Thursday, March 18, 1999 Published at 17:05 GMT
1921-22: The Irish Free State and civil war
Scene of the worst setback in IRA history
Customs House attack The Dublin brigade of the IRA attacks and sets fire to the Customs House in Dublin in May 1921.
Nearly 120 IRA men surrender in one of the biggest setbacks in the organisation's history.
Dual elections Elections are held on both sides of the new border.
Sinn Fein wins 124 of the 128 seats in the south.
Sir James Craig forms a government in the north.
First Ulster parliament This new body assembles on June 7 1921 and is formally opened 15 days later by King George V, who appeals for peace.
Sinn Fein leader Eamon de Valera begins talks in London with Prime Minister Lloyd George.
Craig refuses to attend.
Anglo-Irish Treaty Formal negotiations begin in October and an agreement is eventually signed on December 6, 1921.
The 26 southern counties will become an independent Irish Free State while the six northern counties will remain part of the UK. The treaty sets up a boundary commission to draw the dividing line according to local wishes.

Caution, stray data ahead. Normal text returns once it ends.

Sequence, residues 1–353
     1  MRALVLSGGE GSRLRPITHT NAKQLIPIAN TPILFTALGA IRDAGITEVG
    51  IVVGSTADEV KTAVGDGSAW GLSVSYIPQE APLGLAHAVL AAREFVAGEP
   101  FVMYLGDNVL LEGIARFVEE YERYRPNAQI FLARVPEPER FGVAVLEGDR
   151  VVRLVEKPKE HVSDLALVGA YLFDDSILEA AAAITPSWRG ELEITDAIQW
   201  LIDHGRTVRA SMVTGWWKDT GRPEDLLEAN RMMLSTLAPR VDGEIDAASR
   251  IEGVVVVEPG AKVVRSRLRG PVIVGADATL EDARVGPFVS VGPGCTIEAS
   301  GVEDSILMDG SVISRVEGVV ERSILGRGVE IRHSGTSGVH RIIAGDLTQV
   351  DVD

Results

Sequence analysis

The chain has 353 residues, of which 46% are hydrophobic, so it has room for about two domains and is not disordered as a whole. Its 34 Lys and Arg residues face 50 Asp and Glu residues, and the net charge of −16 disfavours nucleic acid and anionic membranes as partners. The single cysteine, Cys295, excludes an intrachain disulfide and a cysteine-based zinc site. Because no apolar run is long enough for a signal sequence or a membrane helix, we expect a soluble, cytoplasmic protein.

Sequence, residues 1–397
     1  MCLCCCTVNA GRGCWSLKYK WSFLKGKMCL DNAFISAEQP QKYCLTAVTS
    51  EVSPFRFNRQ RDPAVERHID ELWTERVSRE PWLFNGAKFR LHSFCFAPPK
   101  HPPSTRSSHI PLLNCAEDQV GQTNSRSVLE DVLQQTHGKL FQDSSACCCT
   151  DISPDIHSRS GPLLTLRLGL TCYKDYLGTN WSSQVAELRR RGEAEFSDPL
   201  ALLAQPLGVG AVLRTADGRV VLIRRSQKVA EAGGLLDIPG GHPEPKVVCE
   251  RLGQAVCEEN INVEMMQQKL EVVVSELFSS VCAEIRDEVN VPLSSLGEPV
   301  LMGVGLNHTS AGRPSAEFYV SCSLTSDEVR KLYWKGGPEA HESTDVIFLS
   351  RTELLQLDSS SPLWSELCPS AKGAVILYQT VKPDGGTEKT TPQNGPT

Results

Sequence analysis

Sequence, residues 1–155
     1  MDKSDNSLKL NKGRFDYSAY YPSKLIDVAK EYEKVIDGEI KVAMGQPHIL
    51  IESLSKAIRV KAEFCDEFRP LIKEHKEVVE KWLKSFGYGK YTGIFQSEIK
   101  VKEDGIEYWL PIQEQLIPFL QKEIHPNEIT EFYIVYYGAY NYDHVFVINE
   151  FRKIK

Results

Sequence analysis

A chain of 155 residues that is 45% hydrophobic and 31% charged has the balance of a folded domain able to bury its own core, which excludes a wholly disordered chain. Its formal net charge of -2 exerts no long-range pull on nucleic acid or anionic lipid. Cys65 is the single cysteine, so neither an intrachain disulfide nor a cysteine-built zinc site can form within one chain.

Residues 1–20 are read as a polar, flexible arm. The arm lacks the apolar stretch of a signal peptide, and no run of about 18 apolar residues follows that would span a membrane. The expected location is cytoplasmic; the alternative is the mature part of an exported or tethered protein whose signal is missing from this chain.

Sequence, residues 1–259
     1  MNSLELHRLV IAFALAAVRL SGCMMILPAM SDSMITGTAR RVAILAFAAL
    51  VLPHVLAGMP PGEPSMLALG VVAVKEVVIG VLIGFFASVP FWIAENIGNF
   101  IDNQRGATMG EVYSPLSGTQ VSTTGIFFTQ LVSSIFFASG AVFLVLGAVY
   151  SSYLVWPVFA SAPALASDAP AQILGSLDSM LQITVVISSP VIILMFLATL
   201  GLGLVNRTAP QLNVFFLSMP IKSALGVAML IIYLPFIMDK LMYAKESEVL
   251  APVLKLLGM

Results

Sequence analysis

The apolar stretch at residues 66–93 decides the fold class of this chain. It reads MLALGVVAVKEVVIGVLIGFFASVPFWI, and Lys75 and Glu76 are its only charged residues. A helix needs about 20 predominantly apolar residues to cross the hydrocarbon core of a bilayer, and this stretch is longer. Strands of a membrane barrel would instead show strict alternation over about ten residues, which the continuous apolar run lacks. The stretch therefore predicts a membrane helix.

Treaty approved The Dail Eireann votes 64-57 in January 1922 to accept the treaty after a bitter debate in which those backing the deal are accused of treachery.
Special Powers Act Violence escalates in Northern Ireland in March, with more than 230 people killed and about 1,000 wounded - most of the victims are Catholics. The IRA retaliates by targeting the 'B Specials', the part-time police officers made up mainly of members of the Orange Order.
In April, the Royal Ulster Constabulary is formed and the government enacts the Special Powers Act, allowing special courts to detain suspects without trial and impose jail terms or the death penalty.
Irish Civil War A June general election in the Free State is won by those supporting the Anglo-Irish Treaty.
Soon after, two IRA men in London kill Sir Henry Wilson, a British general and security adviser to the Northern Ireland government. The Free State government acts against those opposed to the Treaty and civil war breaks out in the south.
Among the casualties is Michael Collins, one of the signatories of the Treaty, who is shot dead by anti-Treaty republicans in August 1922.
Electoral changes Proportional representation is abolished in Northern Ireland in September.
At Westminster, Lloyd George is ousted by his Conservative allies who win a November general election under Bonar Law.